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Footprints - Civil Wars

The divisions of the Tudor times worsened in the 17th century.  Crown and Parliament were at odds over taxes, religion and the king's behaviour.  Sir Thomas Myddelton, owner of Chirk castle declared for Parliament.  However, the local Welsh gentry stayed loyal to the king.

Memorial to Sir Thomas Myddelton, Parliamentary general during the Civil War, Chirk Parish Church. - © Wrexham Heritage Services and the Vicar of Chirk

In 1642 Charles I addressed enthusiastic crowds in Wrexham, but Parliament's forces were just across the Dee in Cheshire.  Holt was the constant scene of skirmishes and surprise attacks during the Civil War.  Both sides knew Holt bridge was the gateway to North Wales.  In 1646 with the fall of Chester, Parliament's forces finally secured north Wales.  Holt castle held out until early 1647.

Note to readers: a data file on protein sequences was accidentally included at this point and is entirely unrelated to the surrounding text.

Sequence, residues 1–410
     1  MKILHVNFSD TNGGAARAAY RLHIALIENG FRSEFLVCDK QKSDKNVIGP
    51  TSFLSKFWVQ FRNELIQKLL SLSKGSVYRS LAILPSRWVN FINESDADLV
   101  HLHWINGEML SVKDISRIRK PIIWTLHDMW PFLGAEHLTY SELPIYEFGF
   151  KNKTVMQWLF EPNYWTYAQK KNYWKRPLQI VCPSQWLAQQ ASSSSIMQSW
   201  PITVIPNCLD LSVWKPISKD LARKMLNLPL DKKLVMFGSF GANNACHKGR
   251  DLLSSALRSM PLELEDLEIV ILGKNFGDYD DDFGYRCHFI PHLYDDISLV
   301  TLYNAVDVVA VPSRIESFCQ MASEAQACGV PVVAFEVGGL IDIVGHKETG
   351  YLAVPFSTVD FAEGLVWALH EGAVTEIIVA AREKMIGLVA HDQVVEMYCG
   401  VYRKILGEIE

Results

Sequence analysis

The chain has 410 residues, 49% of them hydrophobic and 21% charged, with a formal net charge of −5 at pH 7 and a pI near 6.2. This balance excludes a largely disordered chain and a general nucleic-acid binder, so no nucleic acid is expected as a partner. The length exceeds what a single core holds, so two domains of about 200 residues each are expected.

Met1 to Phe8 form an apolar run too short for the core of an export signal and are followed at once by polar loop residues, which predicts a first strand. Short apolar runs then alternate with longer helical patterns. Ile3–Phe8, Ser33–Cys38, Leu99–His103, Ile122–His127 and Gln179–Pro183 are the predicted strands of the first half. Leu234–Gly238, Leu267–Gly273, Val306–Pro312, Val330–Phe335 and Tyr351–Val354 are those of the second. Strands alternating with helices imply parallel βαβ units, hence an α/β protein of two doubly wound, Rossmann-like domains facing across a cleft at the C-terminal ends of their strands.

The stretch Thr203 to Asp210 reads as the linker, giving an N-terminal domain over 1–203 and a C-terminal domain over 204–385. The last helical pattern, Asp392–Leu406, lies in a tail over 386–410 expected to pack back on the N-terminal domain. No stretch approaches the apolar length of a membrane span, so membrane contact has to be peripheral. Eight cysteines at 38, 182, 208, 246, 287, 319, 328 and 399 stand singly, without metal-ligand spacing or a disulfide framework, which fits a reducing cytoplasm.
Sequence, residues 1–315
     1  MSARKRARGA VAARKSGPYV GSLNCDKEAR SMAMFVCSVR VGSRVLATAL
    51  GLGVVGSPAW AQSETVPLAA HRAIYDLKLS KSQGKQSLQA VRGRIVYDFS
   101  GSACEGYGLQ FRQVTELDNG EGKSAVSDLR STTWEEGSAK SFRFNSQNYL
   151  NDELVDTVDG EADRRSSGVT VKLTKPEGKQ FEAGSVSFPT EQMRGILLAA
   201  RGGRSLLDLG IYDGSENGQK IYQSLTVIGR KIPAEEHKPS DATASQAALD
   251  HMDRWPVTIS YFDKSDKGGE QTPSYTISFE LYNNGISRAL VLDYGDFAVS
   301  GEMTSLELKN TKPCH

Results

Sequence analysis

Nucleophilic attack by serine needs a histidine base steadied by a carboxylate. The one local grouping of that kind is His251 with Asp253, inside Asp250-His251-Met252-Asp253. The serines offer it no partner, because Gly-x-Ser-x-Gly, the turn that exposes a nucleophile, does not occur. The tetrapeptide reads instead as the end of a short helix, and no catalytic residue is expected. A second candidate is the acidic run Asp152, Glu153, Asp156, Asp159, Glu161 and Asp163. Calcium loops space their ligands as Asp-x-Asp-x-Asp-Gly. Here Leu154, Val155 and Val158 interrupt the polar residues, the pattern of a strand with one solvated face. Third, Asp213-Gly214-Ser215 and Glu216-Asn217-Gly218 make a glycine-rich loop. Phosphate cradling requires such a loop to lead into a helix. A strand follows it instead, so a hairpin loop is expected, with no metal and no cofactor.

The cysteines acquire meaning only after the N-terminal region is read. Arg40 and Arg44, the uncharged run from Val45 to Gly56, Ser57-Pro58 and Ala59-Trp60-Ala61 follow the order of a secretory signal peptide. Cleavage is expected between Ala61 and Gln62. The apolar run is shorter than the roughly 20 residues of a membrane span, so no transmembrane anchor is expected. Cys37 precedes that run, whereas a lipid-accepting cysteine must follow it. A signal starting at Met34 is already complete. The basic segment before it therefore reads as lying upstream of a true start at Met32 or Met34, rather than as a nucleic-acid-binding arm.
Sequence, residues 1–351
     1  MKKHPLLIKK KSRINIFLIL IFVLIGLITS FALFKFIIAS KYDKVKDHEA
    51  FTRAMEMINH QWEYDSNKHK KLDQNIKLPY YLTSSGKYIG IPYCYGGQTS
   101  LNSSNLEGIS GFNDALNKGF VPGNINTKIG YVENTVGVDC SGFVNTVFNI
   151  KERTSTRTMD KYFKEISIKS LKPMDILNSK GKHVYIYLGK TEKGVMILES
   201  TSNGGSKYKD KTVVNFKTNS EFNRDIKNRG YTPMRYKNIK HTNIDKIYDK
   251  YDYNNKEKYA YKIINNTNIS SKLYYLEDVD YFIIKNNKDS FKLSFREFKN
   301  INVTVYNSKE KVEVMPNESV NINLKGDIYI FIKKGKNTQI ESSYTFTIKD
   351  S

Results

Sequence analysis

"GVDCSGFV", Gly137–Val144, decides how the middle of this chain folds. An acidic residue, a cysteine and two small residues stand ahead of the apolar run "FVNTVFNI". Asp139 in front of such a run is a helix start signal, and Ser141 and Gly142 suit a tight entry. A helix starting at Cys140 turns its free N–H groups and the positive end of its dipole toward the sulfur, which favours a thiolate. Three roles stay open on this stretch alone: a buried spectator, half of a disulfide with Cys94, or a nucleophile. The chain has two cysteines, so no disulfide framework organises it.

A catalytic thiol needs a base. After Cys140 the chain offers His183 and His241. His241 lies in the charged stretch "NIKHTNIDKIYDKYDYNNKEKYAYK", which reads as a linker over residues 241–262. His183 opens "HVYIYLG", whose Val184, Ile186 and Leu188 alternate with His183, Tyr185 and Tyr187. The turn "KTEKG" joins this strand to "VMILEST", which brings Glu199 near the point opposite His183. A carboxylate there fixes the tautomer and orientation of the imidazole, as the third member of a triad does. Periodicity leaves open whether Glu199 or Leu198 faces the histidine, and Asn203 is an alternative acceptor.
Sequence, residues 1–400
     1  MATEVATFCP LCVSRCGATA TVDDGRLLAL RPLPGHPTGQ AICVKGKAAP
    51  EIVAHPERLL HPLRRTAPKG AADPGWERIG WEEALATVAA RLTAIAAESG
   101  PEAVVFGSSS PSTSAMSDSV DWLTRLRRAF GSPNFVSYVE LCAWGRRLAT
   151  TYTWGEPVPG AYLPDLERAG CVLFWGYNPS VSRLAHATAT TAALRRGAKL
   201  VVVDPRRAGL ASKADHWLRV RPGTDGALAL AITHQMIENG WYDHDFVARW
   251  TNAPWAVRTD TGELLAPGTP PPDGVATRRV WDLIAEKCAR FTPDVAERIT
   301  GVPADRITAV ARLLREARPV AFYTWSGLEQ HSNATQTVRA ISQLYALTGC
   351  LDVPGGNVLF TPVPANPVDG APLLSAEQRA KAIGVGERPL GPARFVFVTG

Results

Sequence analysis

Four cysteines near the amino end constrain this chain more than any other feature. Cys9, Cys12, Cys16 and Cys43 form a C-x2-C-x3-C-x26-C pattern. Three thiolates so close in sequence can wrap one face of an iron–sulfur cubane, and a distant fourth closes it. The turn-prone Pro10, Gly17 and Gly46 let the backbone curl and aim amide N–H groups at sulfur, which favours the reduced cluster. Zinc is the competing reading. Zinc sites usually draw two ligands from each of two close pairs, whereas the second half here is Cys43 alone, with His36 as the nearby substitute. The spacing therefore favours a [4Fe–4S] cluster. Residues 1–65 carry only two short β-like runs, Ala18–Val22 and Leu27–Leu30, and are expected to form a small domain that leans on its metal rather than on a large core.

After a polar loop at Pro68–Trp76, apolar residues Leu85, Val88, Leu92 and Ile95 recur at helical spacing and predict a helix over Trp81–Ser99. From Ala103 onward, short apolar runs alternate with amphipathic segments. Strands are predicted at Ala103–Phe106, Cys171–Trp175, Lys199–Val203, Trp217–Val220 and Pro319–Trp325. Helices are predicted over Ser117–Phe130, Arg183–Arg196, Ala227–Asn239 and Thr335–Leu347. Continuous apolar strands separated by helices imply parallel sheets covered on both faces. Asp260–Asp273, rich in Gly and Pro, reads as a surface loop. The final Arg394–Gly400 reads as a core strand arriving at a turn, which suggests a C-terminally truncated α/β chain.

Memorial to Sir Richard Trevor of Trevalyn, 1638, Gresford Parish Church. - © Wrexham Heritage Services and the Vicar of Gresford

Life during the Republic was strict.  Morgan Llwyd, a radical preacher, became vicar of Wrexham and the Commission for the Propagation of the Gospels in Wales made the town a centre for Puritanism.  Soon the local gentry were plotting for a return of the monarchy and Sir Thomas Myddelton backed the Restoration.

The religious divides took longer to heal.  In the early 18th century, there were many Jacobites, the supporters of the exiled Stuarts, in the town.  The Jacobites had a secret club based at the Eagles Inn, now the Wynnstay Arms Hotel, from where they encouraged the local mob to attack the meeting houses of the Nonconformists.

October 20th 1715 – The king's Coronation Day. The Bells rung, but at night great Riots and Disorders committed. The Dissenters' bonfires put out, the Meeting Houses threatened, and the Mob beat at the door. Treasonable songs sung about the town.

John Kenrick, Wrexham diarist & Nonconformist minister.